Commissural Interneurons in Rhythm Generation and Intersegmental Coupling in the Lamprey Spinal Cord
Format of Original
American Physiological Society
Journal of Neurophysiology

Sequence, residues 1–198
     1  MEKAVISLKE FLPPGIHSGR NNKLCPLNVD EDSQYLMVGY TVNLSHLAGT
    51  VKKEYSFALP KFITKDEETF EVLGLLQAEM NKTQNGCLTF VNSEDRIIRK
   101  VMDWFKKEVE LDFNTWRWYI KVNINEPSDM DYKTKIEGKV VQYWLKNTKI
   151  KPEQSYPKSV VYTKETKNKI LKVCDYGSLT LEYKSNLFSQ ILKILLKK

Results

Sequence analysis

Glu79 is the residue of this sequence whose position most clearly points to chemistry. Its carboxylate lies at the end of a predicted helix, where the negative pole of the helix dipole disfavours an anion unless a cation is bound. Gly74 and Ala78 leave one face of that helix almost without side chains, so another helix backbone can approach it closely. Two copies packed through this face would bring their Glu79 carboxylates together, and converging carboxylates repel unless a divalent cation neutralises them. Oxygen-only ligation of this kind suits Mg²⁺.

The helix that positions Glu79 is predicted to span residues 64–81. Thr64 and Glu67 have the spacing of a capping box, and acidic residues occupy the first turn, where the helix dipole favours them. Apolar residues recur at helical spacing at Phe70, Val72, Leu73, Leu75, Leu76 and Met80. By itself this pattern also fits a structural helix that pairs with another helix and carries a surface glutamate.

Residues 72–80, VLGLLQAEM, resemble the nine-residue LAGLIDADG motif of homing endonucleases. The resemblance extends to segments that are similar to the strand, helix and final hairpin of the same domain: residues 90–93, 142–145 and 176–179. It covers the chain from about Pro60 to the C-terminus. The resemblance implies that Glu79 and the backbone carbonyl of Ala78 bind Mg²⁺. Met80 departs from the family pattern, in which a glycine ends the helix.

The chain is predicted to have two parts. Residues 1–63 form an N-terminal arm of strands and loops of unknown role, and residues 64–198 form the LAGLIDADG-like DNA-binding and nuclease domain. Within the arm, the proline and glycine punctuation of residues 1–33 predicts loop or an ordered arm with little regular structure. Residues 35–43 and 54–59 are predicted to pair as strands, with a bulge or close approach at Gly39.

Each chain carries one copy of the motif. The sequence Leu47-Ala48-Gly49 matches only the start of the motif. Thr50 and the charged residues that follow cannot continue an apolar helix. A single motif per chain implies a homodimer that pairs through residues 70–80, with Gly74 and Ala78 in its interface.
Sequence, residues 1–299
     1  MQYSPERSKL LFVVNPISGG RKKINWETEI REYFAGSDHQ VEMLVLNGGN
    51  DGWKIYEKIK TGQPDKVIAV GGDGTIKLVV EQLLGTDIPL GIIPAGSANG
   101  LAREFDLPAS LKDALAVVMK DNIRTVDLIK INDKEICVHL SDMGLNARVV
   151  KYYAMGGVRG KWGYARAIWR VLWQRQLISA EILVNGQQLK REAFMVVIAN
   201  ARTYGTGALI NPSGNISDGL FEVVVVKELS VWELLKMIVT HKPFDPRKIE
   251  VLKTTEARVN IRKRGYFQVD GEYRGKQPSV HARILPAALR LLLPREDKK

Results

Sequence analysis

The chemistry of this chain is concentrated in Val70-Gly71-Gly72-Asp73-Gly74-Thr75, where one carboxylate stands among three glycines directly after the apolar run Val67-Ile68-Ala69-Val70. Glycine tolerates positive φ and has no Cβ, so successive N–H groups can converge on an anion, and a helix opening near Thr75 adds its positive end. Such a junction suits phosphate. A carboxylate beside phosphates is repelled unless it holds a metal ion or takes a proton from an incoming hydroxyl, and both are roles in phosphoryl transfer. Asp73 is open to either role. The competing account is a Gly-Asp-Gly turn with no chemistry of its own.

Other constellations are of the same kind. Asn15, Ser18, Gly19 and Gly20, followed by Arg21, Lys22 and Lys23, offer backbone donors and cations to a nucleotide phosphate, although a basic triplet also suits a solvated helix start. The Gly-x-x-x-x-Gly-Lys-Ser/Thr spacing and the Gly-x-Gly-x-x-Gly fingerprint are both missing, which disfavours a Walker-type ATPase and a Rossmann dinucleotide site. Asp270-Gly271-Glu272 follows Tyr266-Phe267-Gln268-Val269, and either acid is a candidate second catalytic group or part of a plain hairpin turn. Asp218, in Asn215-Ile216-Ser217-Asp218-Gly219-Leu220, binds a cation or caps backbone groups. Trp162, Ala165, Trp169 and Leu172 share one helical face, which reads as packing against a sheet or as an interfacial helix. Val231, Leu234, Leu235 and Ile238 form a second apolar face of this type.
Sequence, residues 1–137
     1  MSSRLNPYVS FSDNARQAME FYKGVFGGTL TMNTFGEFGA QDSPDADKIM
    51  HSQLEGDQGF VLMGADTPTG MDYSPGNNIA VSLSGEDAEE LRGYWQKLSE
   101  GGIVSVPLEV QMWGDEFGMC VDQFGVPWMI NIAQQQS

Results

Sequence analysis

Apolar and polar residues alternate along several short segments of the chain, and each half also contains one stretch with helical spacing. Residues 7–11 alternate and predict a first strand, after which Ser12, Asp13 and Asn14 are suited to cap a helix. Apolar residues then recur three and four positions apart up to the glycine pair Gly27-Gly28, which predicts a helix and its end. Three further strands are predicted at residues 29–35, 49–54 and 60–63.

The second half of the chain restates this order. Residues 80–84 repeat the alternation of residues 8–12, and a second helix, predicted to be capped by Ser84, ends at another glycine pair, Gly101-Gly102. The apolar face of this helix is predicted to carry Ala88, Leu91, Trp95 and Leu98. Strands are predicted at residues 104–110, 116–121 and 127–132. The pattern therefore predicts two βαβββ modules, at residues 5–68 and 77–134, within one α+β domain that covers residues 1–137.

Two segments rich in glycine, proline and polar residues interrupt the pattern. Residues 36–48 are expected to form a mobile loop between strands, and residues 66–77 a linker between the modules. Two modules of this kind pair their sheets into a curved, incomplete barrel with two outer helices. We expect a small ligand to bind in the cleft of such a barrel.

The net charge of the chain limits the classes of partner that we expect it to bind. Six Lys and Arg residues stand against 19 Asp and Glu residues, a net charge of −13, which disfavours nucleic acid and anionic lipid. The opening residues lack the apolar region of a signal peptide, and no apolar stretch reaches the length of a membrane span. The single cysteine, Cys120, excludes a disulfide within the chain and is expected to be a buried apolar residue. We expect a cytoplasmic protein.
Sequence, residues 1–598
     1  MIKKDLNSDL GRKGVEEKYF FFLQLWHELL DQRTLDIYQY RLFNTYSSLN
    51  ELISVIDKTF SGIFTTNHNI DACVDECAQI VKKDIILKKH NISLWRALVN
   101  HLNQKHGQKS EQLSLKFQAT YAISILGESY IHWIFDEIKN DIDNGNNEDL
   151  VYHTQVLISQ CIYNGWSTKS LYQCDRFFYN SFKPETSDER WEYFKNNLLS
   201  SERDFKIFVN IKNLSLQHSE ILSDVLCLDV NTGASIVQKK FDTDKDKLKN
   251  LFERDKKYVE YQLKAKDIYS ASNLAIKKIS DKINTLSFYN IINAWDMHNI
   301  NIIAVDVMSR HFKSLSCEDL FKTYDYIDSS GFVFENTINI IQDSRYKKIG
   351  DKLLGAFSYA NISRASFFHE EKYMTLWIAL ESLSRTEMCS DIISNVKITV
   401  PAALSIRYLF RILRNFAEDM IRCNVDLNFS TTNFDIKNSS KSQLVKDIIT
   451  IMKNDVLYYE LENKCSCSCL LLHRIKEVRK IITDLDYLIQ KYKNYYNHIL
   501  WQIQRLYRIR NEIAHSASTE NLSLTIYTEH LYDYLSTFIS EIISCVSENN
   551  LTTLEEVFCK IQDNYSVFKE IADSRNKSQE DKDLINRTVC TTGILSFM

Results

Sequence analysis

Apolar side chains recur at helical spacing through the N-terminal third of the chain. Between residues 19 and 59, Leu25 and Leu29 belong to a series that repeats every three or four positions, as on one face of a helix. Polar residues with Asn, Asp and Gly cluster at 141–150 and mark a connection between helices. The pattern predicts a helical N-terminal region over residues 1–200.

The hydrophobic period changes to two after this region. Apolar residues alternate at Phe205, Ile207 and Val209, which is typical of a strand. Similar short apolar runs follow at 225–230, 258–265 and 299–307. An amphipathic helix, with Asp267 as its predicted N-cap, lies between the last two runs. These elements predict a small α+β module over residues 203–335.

Commissural interneurons in rhythm generation and intersegmental coupling in the lamprey spinal cord. To test the necessity of spinal commissural interneurons in the generation of the swim rhythm in lamprey, longitudinal midline cuts of the isolated spinal cord preparation were made. Fictive swimming was then induced by bath perfusion with an excitatory amino acid while recording ventral root activity. When the spinal cord preparation was cut completely along the midline into two lateral hemicords, the rhythmic activity of fictive swimming was lost, usually replaced with continuous ventral root spiking. The loss of the fictive swim rhythm was not due to nonspecific damage produced by the cut because rhythmic activity was present in split regions of spinal cord when the split region was still attached to intact cord. The quality of this persistent rhythmic activity, quantified with an autocorrelation method, declined with the distance of the split spinal segment from the remaining intact spinal cord. The deterioration of the rhythm was characterized by a lengthening of burst durations and a shortening of the interburst silent phases. This pattern of deterioration suggests a loss of rhythmic inhibitory inputs. The same pattern of rhythm deterioration was seen in preparations with the rostral end of the spinal cord cut compared with those with the caudal end cut. The results of this study indicate that commissural interneurons are necessary for the generation of the swimming rhythm in the lamprey spinal cord, and the characteristic loss of the silent interburst phases of the swimming rhythm is consistent with a loss of inhibitory commissural interneurons. The results also suggest that both descending and ascending commissural interneurons are important in the generation of the swimming rhythm. The swim rhythm that persists in the split cord while still attached to an intact portion of spinal cord is thus imposed by interneurons projecting from the intact region of cord into the split region. These projections are functionally short because rhythmic activity was lost within approximately five spinal segments from the intact region of spinal cord.